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Concert Reviews:
Green Day comes around in style for Fillmore make-up date
 


» See more SOUND CHECK

DETROIT -- Green Day made good on the Sept. 24 Fillmore Detroit show it postponed due to an illness that affected the band and crew and delayed the start of it's current theater tour.

On Monday night, Oct. 24, all concerned clearly felt better. And the exuberant crowd that packed the Fillmore left feeling just great.

It's a treat to see Green Day, period; More than two dozen years since its first album and 22 years beyond its multi-platinum breakthrough with "Dookie," the punk trio from San Francisco's East Bay packs more sheer, joyful entertainment value into its shows than any guitar-slinging group this side of Bruce Springsteen & the E Street Band. Seeing it in a small venue like the Fillmore is a whole other trip, however, a barely-hinged celebration that felt like a clandestine teen pool party while the parents are on vacation.

There was precious little slow-down during Green Day's two hours and 15 minutes on stage Monday as the group ripped through a career-spanning 29-song set of what frontman Billie Joe Armstrong called "unity music" for a an all-ages crowd -- pre-adolescents to middle-aged punk enthusiasts -- that sang along to early fare such as "Private Ale," "Christie Road," and "J.A.R. (Jason Andrew Relva)" with the same gusto it belted out hits like "Longview," "Basket Case," "Welcome To Paradise" and "American Idiot." There was plenty of crowd surfing and a few mosh pits broke out on the Fillmore floor, and Green Day fed off the energy, though with nary a reference to the postponement.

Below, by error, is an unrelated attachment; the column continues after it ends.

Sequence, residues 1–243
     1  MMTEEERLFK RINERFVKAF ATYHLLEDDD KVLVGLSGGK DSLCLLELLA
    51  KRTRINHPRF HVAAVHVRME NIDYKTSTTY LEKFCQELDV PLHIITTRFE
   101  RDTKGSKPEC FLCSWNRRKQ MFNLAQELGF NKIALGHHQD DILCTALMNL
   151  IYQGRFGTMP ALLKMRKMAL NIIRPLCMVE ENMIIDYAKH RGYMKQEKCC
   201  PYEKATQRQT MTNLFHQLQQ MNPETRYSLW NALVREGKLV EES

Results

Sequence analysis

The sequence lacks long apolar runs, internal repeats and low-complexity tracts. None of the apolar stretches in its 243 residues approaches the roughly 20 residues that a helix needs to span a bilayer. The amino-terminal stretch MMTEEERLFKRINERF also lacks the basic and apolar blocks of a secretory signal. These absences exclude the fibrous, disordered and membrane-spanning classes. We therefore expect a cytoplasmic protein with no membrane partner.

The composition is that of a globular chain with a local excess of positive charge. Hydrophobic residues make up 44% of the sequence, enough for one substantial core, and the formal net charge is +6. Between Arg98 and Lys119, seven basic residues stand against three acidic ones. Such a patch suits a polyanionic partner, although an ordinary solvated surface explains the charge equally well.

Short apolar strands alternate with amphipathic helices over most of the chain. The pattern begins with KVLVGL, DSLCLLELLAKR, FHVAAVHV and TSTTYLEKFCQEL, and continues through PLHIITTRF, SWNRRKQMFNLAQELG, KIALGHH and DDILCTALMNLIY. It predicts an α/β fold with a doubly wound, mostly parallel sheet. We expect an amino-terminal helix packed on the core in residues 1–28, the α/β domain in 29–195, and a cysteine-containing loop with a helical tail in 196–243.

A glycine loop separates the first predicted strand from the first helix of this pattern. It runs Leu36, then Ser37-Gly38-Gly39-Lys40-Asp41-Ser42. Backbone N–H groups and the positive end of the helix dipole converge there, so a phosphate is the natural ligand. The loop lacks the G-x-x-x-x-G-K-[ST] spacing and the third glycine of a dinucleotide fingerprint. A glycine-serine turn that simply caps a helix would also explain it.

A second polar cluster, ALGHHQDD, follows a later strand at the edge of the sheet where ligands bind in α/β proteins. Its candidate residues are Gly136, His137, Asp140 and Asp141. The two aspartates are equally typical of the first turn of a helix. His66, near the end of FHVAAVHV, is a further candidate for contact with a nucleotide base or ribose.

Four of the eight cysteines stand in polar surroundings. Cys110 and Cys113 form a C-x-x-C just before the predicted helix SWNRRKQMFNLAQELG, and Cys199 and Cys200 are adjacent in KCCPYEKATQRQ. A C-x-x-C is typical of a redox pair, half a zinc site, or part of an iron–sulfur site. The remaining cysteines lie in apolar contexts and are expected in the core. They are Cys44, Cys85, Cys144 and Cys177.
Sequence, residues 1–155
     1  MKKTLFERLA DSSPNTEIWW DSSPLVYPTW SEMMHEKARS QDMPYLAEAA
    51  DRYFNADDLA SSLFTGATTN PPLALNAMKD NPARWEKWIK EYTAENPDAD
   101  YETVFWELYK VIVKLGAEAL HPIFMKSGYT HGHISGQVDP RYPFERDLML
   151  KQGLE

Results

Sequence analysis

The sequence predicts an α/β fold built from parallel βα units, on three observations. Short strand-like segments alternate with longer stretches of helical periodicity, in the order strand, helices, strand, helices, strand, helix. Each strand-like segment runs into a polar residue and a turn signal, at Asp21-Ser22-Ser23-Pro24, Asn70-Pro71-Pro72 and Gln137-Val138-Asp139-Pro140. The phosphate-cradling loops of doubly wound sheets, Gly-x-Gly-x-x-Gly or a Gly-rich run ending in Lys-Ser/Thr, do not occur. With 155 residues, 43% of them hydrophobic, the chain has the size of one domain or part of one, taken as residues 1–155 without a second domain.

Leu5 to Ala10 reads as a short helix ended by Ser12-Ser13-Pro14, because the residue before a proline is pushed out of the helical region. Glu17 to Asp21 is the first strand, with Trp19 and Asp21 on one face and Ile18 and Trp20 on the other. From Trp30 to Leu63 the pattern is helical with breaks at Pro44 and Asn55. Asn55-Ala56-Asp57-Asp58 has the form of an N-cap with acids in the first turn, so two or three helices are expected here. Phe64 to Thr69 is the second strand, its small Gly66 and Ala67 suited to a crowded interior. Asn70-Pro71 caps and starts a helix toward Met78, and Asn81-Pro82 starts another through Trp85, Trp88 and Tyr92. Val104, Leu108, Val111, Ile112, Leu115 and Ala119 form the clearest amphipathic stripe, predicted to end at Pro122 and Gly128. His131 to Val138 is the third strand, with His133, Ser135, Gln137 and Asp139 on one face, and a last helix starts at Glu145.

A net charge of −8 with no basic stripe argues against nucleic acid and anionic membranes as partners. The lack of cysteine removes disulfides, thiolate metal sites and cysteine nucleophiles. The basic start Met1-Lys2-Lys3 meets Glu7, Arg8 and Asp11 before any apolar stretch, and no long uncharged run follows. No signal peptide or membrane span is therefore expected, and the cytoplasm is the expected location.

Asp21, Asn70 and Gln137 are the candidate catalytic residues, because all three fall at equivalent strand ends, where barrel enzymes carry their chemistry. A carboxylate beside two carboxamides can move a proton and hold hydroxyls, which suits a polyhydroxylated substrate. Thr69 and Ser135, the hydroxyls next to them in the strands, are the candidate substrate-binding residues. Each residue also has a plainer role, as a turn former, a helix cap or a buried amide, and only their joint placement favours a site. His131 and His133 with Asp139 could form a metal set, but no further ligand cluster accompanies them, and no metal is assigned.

Armstrong was the night's ringleader, of course. A bit less manic at 44 than he was in the past, the guitarist -- with his jet-black hair, eyeliner and maniacal grin -- conducted the Fillmore fans through singalong and call-and-response rituals, and before the opening "Enemy" was over he had a youth onstage, helping lead everyone through the final salutation before sending him stage-diving into open arms. Later on Armstrong brought a young woman on stage to sing the last verse of "Longview" while he filmed her on her cell phone -- and then sent her, too, sailing off the stage into the crowd.

The songs from Green Day's new "Revolution Radio" meshed well with the rest of the repertoire, even the particularly poppy "Still Breathing." "King For a Day" was its usual schticky fun, with the six onstage musicians sporting hats and masks and rolling through a medley of the Isley Brothers' "Shout," the Who's "The Kids Are Alright," the Rolling Stones' "(I Can't Get No) Satisfaction" and a bit of the Beatles' "Hey Jude." The smooth "Waiting" was neatly paired with "We Are the Waiting," while suite-like epics such as "St. Jimmy," "Forever Now" and "Jesus Of Suburbia" let Green Day flash some precision instrumental chops that belied any idea that this is "just" a punk band.

Armstrong finished the night with a calm after the storm, with just his acoustic guitar as he sang the new "Ordinary World" and the smash "Good Riddance (Time Of Your Life)," the latter to a sea of cell phones. Green Day will be back to play larger environs next year -- March 27 at Joe Louis Arena, specifically -- and it will certainly be a welcome return after Monday's incendiary visit.

Send your thoughts and comments to Gary Graff

 



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